While the LGBTQ+ advocacy group said it was not calling for a boycott of all travel to Florida, it did say it wanted to highlight new laws passed by the Republican-controlled Florida Legislature that they said are hostile to the LGBTQ+ community and restrict access to abortion. as well as making the state unsafe for many by allowing people to carry concealed weapons without a permit.

Some participants in the Pride Cup athletic competitions at Gay Days decided not to attend, forcing the cancellation of the dodgeball and flag football tournaments. But the multi-sport competition held annually at Gay Days will continue to feature beach volleyball, golf, pickleball and kickball.

Even before these travel advisories were issued, some regular visitors to Florida were rethinking their plans. Sara Haynes, who lives in the Atlanta metropolitan area with her husband, decided not to visit the state after lawmakers began planning legislation to restrict treatment options for transgender people.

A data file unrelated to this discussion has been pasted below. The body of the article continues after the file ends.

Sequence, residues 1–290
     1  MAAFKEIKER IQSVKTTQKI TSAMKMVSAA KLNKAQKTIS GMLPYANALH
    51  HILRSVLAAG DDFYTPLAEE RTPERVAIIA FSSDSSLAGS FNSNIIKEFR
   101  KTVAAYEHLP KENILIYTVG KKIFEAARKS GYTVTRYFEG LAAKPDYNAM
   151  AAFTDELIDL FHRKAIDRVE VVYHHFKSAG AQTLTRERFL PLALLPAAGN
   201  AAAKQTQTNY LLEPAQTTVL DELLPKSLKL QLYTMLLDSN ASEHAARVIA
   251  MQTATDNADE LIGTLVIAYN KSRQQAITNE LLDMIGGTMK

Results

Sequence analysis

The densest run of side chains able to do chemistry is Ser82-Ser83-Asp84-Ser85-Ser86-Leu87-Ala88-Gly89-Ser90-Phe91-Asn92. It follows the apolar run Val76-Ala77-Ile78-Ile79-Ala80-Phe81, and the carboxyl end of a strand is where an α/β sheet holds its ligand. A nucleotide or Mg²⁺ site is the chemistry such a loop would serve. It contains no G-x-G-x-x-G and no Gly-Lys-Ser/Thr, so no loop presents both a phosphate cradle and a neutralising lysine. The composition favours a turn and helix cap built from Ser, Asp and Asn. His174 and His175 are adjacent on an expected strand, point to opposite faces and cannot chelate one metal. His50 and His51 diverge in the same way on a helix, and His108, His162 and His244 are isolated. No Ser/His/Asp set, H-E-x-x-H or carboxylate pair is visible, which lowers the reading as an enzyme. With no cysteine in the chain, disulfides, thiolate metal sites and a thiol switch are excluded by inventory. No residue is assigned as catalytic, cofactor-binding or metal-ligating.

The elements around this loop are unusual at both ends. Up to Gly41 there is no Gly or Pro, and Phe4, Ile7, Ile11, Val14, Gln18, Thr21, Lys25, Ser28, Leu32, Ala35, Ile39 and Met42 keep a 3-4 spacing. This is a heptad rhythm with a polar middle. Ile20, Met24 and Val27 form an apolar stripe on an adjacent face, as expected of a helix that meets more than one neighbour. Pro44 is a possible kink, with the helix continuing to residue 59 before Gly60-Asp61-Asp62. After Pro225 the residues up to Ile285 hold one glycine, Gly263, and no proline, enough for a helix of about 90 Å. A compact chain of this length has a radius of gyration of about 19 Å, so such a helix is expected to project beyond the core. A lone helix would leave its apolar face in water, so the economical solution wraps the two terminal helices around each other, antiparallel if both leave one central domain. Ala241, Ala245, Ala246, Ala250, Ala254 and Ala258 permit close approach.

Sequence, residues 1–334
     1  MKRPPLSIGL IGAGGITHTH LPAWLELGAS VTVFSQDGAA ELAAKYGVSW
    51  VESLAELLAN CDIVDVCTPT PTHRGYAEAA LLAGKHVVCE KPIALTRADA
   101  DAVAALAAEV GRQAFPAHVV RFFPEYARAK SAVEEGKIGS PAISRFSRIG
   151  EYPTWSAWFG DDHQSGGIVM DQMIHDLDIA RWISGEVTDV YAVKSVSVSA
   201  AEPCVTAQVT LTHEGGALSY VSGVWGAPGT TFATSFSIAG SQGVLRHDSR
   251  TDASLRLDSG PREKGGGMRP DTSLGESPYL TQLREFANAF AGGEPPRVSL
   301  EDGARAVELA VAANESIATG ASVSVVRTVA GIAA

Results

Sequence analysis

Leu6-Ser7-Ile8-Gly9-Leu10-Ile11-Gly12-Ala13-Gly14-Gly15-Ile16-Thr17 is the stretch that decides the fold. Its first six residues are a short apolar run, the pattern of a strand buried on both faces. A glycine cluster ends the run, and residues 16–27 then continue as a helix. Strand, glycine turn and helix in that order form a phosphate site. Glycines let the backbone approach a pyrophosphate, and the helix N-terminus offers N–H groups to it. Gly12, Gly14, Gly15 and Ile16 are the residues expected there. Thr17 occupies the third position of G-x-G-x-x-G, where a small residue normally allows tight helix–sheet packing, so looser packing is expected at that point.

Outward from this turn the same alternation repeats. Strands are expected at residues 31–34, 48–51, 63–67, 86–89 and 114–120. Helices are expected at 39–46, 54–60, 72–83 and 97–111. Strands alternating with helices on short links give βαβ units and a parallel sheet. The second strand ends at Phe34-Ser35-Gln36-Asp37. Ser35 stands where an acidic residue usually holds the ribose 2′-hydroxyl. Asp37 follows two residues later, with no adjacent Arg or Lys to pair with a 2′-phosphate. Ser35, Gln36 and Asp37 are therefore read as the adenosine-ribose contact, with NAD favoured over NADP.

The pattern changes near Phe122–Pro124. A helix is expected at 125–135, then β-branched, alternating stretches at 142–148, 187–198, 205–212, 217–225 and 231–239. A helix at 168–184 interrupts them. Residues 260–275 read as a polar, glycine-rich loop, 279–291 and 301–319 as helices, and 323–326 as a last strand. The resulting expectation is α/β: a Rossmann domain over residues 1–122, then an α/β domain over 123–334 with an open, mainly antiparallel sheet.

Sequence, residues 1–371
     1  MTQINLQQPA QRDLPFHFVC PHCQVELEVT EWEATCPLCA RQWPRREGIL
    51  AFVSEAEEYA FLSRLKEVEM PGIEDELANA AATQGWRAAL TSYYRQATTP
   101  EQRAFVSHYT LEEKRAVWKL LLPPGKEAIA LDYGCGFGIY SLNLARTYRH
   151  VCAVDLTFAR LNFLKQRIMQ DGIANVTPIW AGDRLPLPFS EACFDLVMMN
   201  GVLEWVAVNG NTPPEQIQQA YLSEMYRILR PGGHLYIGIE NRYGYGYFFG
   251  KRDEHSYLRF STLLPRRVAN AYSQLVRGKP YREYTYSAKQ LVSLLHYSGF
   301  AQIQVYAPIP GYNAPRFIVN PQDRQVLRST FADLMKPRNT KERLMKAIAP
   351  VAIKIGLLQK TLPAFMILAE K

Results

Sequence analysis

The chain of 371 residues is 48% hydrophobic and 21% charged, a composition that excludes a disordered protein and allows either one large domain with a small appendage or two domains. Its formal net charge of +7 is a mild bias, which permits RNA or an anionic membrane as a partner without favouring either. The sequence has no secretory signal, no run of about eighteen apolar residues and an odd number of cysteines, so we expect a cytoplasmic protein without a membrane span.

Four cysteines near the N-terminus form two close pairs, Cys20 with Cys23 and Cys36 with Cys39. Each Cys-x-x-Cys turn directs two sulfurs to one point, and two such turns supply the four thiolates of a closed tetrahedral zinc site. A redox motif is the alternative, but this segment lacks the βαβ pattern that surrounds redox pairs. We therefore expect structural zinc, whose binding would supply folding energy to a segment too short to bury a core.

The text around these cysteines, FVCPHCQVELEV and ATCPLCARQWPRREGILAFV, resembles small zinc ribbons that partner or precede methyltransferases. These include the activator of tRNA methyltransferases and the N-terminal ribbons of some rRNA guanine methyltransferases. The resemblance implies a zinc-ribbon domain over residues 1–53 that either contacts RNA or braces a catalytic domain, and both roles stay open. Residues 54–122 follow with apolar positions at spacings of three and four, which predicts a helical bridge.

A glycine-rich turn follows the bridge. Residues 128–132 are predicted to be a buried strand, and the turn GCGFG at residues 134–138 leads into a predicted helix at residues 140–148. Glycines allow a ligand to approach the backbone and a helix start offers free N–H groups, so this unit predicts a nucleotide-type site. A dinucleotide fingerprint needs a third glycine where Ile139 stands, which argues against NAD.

“It’s less of a crusade and more like, ‘I’m not going to spend my money where bad things are happening,’” Haynes said.

But Gay Days organizers and their supporters say Orlando is a gay-friendly city, earning a perfect score on the Human Rights Campaign’s index, which measures how inclusive cities are for LGBTQ+ residents and visitors. They say tourists can support the LGBTQ+ community by visiting cities like Orlando, Fort Lauderdale and St. Petersburg, which also received perfect scores.

“We live in a bubble here in Orlando, where even with the chaos in Florida, we feel safe here,” said Jeremy Williams, editor-in-chief of Watermark Publishing Group Inc., a Florida-based media company that is one of the the sponsors of the Gay Days.